The Thai army, which was accused of conducting a “silent coup” this week, is planning to deploy soldiers to rural areas to persuade unhappy peasants to support the new government.
Abhisit Vejjajiva, a 44-year-old Etonian, became prime minister on Monday after the army chief, General Anupong Paochinda, was widely reported to have encouraged or coerced MPs to support him.
Only a year ago Mr Abhisit was decisively defeated in national elections by supporters of the exiled former prime minister Thaksin Shinawatra. Mr Thaksin enjoys devoted support among the poor, especially in the populous and rural north east of Thailand, a region known as Isan.
“Basically I love Isan people,” said Gen Anupong.
“Soldiers can go into the local areas and talk to people there,” he explained. “We can’t force them to love certain people. If they get angry we have to talk with them calmly. And I want to talk with them.”
Gen Anupong, who is responsible for airport security, did nothing to stop anti-Thaksin demonstrators who recently overran Bangkok’s airports, stranding 350,000 travellers. The protests ended when a court dissolved the ruling party and the former opposition then formed a new government with Gen Anupong’s very public approval.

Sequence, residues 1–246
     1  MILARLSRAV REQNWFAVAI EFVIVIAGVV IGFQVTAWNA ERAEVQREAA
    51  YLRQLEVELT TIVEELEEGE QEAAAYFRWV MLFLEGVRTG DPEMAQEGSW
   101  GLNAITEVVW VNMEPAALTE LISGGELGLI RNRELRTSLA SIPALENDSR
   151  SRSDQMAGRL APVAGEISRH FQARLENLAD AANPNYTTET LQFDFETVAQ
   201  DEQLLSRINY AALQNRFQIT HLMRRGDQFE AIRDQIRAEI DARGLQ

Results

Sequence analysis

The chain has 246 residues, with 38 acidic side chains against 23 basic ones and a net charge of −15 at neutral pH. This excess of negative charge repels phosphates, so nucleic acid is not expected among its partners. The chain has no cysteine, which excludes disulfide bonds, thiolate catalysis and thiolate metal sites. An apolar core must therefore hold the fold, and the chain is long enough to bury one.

Mr Thaksin’s supporters, in a group called the Democratic Alliance Against Dictatorship (DAAD) also known as the “red shirts”, believe that the army carried out a “silent coup” against the elected government.
The general implied he is willing to overlook northern voters’ behaviour at the ballot box as long as they do not continue to oppose the new administration.
“They’ve done nothing wrong,” he said of northerners in general. “I don’t want to call them the Democratic Alliance Against Dictatorship or red shirts because they are people the government must take care of.”
General Anupong was a member of the junta which overthrew Mr Thaksin’s government in a bloodless coup in 2006. The new army installed government then rewrote the constitution to limit the power of elected politicians.
Army documents leaked during 2007 showed the military leadership equated the Thaksinites with communists who were suppressed in a 1970s counter-insurgency campaign.
Mr Thaksin is a multi-millionaire telecoms tycoon who was supported by the poor because of his cheap health care and rural development policies. He is loathed by the urban middle class and the elite in the army and royal palace.
Mr Thaksin’s enemies say he is corrupt, autocratic and a threat to the country’s monarchy.
Fifteen months after the coup his supporters convincingly won elections for the third time in a row, but less than a year later they have once again been forced from power.
The Thai army has fought few foreign wars in modern times but dominates the country’s politics, mounting 18 coups since 1932.
Unarmed democracy protesters were massacred by soldiers in 1973, 1976 and 1992.
The army owns several television and radio stations and generals appointed themselves to the boards of several lucrative state enterprises following the 2006 coup.